sample size, and the result is not significant, as there had been a .95 chance of detecting this negligible

effect, and the effect was not detected, the conclusion is justified that no nontrivial effect exists, at the β =

.05 level. This does, in fact, probabilistically prove the intended null hypothesis of no more than a

trivially small effect. The reasoning is impeccable, but when you go to apply it, you discover that it takes

enormous sample sizes to do so. For example, if we adopt the above parameters for a significance test of a

correlation coefficient and r = .10 is taken as a negligible effect size, it requires a sample of almost 1,300

cases. More modest but still reasonable demands for power of course require smaller sample sizes, but not

sufficiently smaller to matter for most investigators–even .80 power to detect a population correlation of

.10 requires almost 800 cases. So it generally takes an impractically large sample size to prove the null

hypothesis as I've redefined it; however, the procedure makes clear what it takes to say or imply from the

failure to reject the null hypothesis that there is no nontrivial effect.

A salutary effect of power analysis is that it draws one forcibly to consider the magnitude of effects. In

psychology, and especially in soft psychology, under the sway of the Fisherian scheme, there has been

little consciousness of how big things are. The very popular ANOVA designs yield F ratios, and it is

these whose size is of concern. First off is the question of whether they made the sanctifying .05 cut-off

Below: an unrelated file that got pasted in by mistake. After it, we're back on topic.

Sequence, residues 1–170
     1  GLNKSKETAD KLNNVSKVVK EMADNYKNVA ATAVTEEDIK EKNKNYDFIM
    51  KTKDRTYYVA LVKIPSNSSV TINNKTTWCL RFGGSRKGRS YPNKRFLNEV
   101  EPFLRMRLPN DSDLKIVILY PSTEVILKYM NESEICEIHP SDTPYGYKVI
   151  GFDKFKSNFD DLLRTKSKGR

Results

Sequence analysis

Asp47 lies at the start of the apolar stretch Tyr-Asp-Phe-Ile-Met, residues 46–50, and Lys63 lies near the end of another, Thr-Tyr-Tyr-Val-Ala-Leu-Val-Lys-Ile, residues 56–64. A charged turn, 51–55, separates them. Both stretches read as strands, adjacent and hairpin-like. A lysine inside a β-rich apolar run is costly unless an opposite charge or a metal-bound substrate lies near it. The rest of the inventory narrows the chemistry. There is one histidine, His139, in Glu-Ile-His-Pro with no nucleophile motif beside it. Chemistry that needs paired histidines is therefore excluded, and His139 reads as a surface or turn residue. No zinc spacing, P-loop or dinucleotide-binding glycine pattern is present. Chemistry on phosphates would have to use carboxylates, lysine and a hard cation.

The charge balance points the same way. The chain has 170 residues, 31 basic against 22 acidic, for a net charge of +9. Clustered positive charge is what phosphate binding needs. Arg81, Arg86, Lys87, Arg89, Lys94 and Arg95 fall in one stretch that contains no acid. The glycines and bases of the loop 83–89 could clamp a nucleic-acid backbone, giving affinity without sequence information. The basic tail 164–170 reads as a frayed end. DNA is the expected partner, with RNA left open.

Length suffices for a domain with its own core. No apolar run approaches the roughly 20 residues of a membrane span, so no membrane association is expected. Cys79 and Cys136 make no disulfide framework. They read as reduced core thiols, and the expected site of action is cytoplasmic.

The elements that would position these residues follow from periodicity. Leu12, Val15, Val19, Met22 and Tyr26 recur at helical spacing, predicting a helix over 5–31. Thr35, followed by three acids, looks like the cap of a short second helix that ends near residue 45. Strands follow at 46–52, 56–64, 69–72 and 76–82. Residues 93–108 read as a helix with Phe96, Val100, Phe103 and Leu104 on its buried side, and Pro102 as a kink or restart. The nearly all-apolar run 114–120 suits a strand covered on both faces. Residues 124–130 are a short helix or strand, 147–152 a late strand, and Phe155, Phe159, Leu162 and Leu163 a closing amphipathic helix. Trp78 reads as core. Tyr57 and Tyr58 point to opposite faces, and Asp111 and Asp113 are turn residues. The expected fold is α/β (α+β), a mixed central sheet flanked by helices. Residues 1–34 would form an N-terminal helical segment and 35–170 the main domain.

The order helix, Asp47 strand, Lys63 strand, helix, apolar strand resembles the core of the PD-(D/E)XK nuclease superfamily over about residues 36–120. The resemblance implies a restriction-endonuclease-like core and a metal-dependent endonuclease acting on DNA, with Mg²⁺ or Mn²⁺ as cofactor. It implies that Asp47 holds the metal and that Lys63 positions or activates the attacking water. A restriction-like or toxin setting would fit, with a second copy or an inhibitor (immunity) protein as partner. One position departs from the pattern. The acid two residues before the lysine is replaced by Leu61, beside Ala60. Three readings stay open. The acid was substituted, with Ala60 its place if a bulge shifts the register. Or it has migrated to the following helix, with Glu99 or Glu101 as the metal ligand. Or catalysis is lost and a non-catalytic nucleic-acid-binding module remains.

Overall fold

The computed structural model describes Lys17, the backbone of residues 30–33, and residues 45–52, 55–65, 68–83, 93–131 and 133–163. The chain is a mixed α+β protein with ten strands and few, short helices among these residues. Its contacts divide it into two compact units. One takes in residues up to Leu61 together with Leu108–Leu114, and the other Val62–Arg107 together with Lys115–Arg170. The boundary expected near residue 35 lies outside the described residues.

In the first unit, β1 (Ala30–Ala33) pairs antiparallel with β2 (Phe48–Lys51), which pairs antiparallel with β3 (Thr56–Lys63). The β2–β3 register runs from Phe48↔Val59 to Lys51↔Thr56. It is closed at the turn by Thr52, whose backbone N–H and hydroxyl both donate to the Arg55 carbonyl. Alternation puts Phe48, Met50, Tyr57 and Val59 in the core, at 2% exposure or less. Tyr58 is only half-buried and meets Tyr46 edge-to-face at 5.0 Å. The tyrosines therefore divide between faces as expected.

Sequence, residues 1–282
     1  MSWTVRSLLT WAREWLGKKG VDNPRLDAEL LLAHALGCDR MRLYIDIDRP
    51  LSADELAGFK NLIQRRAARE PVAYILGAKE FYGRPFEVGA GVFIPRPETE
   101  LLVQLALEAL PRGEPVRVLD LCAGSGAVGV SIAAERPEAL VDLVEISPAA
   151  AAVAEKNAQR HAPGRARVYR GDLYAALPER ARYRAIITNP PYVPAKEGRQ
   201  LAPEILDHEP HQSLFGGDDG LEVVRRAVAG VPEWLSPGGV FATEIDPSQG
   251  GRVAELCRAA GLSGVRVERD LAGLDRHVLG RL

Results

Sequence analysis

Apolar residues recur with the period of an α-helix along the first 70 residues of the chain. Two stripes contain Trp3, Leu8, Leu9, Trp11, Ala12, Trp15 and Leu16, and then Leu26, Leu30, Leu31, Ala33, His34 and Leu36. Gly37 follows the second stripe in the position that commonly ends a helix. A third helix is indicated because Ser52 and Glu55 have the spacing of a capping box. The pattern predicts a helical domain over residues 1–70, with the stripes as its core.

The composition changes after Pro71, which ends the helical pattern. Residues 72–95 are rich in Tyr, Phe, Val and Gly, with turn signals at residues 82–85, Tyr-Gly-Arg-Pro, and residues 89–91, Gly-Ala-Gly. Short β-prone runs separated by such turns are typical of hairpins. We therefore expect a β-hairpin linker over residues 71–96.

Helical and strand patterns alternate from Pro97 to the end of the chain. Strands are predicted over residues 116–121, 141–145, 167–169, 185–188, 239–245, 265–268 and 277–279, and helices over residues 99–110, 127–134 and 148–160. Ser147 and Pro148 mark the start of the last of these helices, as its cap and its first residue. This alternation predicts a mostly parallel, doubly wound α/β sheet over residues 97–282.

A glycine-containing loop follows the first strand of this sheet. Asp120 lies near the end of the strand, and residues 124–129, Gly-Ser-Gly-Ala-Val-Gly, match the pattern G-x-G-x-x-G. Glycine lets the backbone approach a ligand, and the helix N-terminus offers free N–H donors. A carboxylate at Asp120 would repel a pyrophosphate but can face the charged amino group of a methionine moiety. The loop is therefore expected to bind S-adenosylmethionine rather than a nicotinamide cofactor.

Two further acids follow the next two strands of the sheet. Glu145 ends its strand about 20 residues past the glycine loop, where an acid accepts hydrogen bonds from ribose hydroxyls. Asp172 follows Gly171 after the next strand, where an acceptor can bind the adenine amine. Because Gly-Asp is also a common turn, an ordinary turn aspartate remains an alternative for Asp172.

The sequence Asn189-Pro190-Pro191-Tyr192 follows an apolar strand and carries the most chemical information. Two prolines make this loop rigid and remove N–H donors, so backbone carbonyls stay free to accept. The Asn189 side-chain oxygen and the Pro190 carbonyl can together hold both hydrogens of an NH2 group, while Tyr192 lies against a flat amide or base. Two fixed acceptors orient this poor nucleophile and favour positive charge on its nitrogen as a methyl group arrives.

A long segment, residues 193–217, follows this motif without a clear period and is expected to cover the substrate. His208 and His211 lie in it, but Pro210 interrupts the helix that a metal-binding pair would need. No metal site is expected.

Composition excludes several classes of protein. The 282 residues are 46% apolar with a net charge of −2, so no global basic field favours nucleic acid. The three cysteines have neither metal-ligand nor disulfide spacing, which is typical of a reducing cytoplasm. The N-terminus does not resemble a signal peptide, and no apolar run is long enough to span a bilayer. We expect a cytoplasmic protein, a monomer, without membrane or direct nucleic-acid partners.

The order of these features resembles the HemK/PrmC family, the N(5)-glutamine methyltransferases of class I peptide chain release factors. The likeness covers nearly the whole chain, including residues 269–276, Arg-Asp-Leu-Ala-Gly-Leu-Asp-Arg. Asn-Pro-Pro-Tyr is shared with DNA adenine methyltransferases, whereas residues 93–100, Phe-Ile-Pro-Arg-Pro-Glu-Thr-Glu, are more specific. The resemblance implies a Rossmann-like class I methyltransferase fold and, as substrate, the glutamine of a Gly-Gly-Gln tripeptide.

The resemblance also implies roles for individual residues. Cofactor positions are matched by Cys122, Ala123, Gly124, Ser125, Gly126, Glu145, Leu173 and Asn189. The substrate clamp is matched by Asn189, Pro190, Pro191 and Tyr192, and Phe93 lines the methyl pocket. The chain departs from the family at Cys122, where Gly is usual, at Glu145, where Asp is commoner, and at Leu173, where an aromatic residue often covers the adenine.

and are thus significant, and then how far they fell below this cut-off: Were they perhaps highly

significant ( p less than .01) or very highly significant (less than .001)? Because science is inevitably

about magnitudes, it is not surprising how frequently p values are treated as surrogates for effect sizes.

One of the things that drew me early to correlation analysis was that it yielded an r , a measure of effect

size, which was then translated into a t or F and assessed for significance, whereas the analysis of

variance or covariance yielded only an F and told me nothing about effect size. As many of the variables

with which we worked were expressed in arbitrary units (points on a scale, trials to learn a maze), and the

Fisherian schemed seemed quite complete by itself and made no demands on us to think about effect

sizes, we simply had no language with which to address them.

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In retrospect, it seems to me simultaneously quite understandable yet also ridiculous to try to develop

theories about human behavior with p values from Fisherian hypothesis testing and no more than a

primitive sense of effect size. And I wish I were talking about the long, long ago. In 1986, there appeared

in the New York Times a UPI dispatch under the headline "Children's Height Linked to Test Scores." The

article described a study that involved nearly 14,000 children 6 to 17 years of age that reported a definite

link between height (age- and sex-adjusted) and scores on tests of both intelligence and achievement. The